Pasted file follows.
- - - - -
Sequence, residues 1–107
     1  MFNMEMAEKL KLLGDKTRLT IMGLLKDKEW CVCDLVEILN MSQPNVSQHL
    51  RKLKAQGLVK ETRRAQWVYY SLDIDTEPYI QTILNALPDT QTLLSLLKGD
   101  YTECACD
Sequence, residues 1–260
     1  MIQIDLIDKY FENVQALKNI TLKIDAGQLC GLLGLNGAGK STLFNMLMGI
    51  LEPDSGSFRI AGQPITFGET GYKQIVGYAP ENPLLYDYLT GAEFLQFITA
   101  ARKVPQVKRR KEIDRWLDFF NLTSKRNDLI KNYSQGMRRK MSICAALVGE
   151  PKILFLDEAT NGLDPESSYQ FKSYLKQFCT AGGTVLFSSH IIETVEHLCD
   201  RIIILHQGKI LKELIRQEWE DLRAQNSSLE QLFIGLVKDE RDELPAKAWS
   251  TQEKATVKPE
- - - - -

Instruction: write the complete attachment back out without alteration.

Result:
Sequence, residues 1–107
     1  MFNMEMAEKL KLLGDKTRLT IMGLLKDKEW CVCDLVEILN MSQPNVSQHL
    51  RKLKAQGLVK ETRRAQWVYY SLDIDTEPYI QTILNALPDT QTLLSLLKGD
   101  YTECACD
Sequence, residues 1–260
     1  MIQIDLIDKY FENVQALKNI TLKIDAGQLC GLLGLNGAGK STLFNMLMGI
    51  LEPDSGSFRI AGQPITFGET GYKQIVGYAP ENPLLYDYLT GAEFLQFITA
   101  ARKVPQVKRR KEIDRWLDFF NLTSKRNDLI KNYSQGMRRK MSICAALVGE
   151  PKILFLDEAT NGLDPESSYQ FKSYLKQFCT AGGTVLFSSH IIETVEHLCD
   201  RIIILHQGKI LKELIRQEWE DLRAQNSSLE QLFIGLVKDE RDELPAKAWS
   251  TQEKATVKPE